US Government Embarrassed by Afghan Woman Again

Malalai Joya was 26 when she became the youngest woman ever elected as a member of parliament in Afghanistan. Today, she is the country's most famous woman -- a political activist who was just denied a visa for a book tour to the United States because she is "unemployed" and "lives underground," according to what she was told by the U.S. embassy officer who stamped the denial.

Her supporters in the United States have announced today as a Call-In Day -- a grassroots effort to flood Secretary of State Hillary Clinton's telephone with calls demanding that Joya be given the visa for which she has applied.

Having successfully applied for a U.S. visa four times before, this time it is not about Joya, but about the war in Afghanistan.

New nationwide polls show that the majority of the American public is now opposed to the war, and many of her supporters think an American book tour by a widely known and highly vocal activist against not only the war, but the U.S. government's handling of the situation in Afghanistan, is the real reason her visa has been denied.

"She's a thorn in the side of the American government, the warlords who we support, and the Taliban, who we essentially support by inviting them into the government. At least two of those three sides actively want her dead," says Sonali Kolhatkar, co-director of the U.S.-based Afghan Women's Mission, who has been closely involved in arranging Joya's American tour.

Even members of Congress have stepped in to denounce the visa denial and what many believe are the bizarre explanations given for it. "It just didn't make sense to me, the answer they gave as to why she was kept out," says Congressman Jim McDermott of Washington state's 7th district. "It was as if she was apparently not a substantive person -- that she's hiding out because she's afraid."

Representative McDermott drafted a letter, co-signed by Senators Patrick Leahy, Patty Murray, and Bernie Sanders, as well as Representatives Jay Inslee, Keith Ellison, Peter Welch, Betty McCollum, and Bill Pascrell, asking for "full reconsideration" of the visa application, stating that they "were distressed" to hear the reasons presented by the Embassy considering the security challenges, including "five assassination attempts" she has faced because of "her conviction to stand up against warlords and fundamentalists."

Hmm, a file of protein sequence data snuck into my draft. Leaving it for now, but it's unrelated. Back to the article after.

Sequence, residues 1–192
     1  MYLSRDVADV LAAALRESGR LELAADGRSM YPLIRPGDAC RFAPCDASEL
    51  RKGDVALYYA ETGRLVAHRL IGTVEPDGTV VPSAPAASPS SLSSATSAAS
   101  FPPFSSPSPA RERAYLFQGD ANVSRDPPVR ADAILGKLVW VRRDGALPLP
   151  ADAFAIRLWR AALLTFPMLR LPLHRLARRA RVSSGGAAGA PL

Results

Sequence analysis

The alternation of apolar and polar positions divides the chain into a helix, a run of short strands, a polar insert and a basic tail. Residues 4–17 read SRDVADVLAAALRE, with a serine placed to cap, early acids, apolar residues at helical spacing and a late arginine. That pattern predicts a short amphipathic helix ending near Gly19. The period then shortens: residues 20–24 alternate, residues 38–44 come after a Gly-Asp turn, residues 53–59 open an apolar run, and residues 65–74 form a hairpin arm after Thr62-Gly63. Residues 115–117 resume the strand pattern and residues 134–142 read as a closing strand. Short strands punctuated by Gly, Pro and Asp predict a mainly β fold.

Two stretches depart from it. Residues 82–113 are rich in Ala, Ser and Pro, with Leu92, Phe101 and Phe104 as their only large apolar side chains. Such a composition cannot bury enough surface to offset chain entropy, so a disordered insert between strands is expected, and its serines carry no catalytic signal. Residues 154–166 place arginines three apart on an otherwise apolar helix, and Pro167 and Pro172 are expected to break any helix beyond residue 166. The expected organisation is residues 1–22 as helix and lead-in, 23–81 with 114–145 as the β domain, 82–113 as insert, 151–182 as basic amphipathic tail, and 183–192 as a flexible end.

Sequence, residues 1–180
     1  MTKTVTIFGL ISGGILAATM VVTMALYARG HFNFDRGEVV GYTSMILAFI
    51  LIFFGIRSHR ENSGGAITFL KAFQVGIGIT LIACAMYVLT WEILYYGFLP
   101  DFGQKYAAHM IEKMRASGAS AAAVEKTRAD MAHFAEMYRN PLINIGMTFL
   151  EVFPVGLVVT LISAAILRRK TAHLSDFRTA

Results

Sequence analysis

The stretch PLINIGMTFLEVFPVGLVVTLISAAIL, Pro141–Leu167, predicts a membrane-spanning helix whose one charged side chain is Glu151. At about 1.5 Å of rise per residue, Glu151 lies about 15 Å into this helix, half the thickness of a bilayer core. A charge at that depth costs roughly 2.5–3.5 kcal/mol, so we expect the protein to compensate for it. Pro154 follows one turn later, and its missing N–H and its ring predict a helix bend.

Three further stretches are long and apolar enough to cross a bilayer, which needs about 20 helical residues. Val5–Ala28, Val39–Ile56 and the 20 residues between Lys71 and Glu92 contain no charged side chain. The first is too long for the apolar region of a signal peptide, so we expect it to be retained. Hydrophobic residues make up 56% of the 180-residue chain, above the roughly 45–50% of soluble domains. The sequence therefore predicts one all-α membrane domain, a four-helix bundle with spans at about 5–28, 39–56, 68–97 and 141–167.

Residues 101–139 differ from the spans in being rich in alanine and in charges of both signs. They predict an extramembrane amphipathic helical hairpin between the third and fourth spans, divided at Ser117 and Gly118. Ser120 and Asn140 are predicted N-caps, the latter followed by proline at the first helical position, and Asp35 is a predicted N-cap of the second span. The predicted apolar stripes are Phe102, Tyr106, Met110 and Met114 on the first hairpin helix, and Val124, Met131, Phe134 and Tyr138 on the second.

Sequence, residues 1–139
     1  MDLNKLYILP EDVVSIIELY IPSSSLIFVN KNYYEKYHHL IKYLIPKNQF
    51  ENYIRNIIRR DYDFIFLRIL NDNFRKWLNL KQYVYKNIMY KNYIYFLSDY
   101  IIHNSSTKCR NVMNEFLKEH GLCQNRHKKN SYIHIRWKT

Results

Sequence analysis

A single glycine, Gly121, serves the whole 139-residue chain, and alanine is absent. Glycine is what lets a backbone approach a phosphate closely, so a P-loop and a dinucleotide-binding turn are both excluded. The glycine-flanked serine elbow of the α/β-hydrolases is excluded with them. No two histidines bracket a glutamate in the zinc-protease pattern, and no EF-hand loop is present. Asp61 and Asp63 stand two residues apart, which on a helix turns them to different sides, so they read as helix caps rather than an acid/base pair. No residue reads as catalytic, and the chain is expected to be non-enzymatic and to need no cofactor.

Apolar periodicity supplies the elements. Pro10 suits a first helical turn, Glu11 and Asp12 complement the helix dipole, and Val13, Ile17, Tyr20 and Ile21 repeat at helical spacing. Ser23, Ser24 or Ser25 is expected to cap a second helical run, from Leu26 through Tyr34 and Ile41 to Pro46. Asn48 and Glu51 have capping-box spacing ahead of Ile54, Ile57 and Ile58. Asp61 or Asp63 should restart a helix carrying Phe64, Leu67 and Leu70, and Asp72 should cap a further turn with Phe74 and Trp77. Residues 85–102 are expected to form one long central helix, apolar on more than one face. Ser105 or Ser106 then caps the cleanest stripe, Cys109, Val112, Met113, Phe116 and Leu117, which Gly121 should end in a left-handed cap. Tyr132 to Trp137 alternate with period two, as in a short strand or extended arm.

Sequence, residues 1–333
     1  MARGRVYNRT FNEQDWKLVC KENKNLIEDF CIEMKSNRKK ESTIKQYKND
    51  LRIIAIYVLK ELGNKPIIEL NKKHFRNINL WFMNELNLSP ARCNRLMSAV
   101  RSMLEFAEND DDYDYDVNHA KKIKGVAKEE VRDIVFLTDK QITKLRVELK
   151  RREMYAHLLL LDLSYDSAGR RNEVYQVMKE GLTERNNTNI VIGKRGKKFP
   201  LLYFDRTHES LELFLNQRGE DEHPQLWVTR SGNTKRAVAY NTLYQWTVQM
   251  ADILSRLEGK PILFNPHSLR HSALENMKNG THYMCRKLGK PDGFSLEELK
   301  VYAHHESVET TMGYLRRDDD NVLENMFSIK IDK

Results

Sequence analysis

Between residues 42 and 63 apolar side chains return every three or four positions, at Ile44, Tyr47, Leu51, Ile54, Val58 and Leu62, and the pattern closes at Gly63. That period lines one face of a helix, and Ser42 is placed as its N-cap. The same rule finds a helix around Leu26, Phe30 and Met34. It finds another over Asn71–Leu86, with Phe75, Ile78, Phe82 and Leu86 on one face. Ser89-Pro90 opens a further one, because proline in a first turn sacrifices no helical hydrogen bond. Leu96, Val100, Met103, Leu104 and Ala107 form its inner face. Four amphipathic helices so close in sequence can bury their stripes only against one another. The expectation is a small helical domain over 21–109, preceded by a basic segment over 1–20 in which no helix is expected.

"We said we care what happens to women in Afghanistan and we've been saying that we decry what's going on with the Taliban and here's a woman who's willing to stand up and be counted and suddenly we find that we can't give her a visa to come to the U.S.," McDermott says.

According to Kolhatkar, Joya "believes the U.S. government is very aware of her security situation and the reasons she 'lives underground,'" based on the discussion Joya had with the officer who denied her request. As for the accusation of being "unemployed," Joya's book tour organizers seem to disagree.

"A writer is a job -- she's on a book tour. She has a job," says Judith Mirkinson, who has been working with the Afghan Women's Mission as the San Francisco Bay Area organizer of the tour. "[The State Department] has used a lot of different excuses for writers and artists, especially from the Middle East. It's intellectual censorship."

Joya's book tour is actually for the paperback release of her memoir, A Woman Among Warlords, published by the Scribner division of Simon and Schuster. The publisher finds the visa denial "distressing" because she was previously permitted to do a book tour for the 2009 release of the hardback, according to Scribner Publicity Director Brian Delfiglio.

Indeed, the main reason for denying her visa seems to be her position on the war -- a position that conflicts with U.S. policies in Afghanistan, and contradicts the idea that the Afghan people -- and the women in particular -- prefer U.S. troops to be in their country. "We've seen through the years of the anti-war movement from Vietnam on, what makes the American people against a war is to see that the people of that country don't actually want U.S. troops there," Mirkinson says.

"Joya is a real voice with real facts, who says that 'we don't want occupation and we know occupation and militarization make it worse for women, not better.'"

Now that the war in Afghanistan has officially extended into being the longest war in American history, most Americans want an end to the war, and are gravitating toward voices who say as much. "I think it's time for us to get out," Representative McDermott says. "We are not going to win in any kind of decisive way that people think of when they think of winning. We are not going to leave a democracy in place, we are not going to leave civil institutions in place. People keep saying we are doing better -- compared to what?"

Kolhatkar and the people who organized Joya's tour believe that a leading voice from Afghanistan would bolster existing American voices against the war. "The authorities do not want someone like Malalai riling up the masses. To have a leading woman's activist from Afghanistan say the U.S. war is not helping Afghanistan could be damaging."

They also believe the State Department's denial of Joya's visa has been damaging -- but not to Joya, who has continued her book tour through discussions and gatherings conducted through Skype. "There's definitely some amount of public embarrassment for the State Department," Kolhatkar says.